Born in Bucharest, he was the son of the poet Andrei Naum (who had been drafted in World War I and died during the Battle of Mărăşeşti) and his wife Maria. In 1933, he began studying Philosophy at the University of Bucharest. In 1938, he left for France, where he continued his studies at the University of Paris. He took his PhD diploma with a thesis on the scholastic philosopher Pierre Abelard.
In 1936 (the year when he published his first book), Naum met Victor Brauner, who became his close friend and who later introduced him to André Breton and his Surrealist circle in Paris.
In 1941, he helped create the Bucharest group of Surrealists (which also included Gherasim Luca, Paul Păun, Dolfi Trost, and Virgil Teodorescu). Naum was drafted into Romanian Army during World War II and served on the Eastern Front after the invasion of the Soviet Union (see Romania during World War II). Marked by his wartime experience, he was discharged in 1944, after he had fallen ill.
In December 1947, the Surrealist group succumbed to the vicissitudes of postwar Soviet occupation and successful Communist takeover of Romania's government. He was prevented afterwards from publishing anything original (with the exception of his children's books), as Socialist realism had officially become Romania's cultural policy. Between 1950 and 1953, he taught Philosophy at the Agronomic Institute in Bucharest while working also as a translator. He translated works by Samuel Beckett, René Char, Denis Diderot, Alexandre Dumas, père, Julien Gracq, Victor Hugo, Franz Kafka, Gérard de Nerval, Jacques Prévert, Stendhal, and Jules Verne.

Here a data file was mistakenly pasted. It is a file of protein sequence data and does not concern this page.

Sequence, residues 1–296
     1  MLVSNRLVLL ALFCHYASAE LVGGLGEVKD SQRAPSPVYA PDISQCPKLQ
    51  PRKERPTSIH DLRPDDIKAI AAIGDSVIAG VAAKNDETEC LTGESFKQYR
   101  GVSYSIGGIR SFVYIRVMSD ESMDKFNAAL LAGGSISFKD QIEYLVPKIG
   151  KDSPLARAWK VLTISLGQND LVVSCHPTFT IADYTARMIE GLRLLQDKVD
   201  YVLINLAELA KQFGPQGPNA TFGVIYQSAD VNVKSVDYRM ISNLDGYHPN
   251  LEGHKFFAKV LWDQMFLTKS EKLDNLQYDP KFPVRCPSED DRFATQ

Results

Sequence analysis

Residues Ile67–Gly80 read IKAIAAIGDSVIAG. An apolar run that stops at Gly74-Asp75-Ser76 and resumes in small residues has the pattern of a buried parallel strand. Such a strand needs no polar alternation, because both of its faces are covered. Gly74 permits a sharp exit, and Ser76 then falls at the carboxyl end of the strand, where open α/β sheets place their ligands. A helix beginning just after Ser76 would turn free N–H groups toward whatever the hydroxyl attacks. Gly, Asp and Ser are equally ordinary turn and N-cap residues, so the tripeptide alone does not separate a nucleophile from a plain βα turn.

He resumed his literary career in 1968, in the wake of a relative cultural liberalization under Nicolae Ceauşescu's regime.
After the Romanian Revolution of 1989, he traveled abroad and gave public readings in France, Germany, Switzerland, and the Netherlands. In 1995, the German Academic Exchange Service appointed him scholar at the University of Berlin. Naum spent much of his final years at his retreat in Comana.
Wikipedia contributors, 'Gellu Naum', Wikipedia, The Free Encyclopedia, 20 February 2008, 16:14 UTC, <http://en.wikipedia.org/w/index.php?title=Gellu_Naum&oldid=192819746>
Eloge de Malombra
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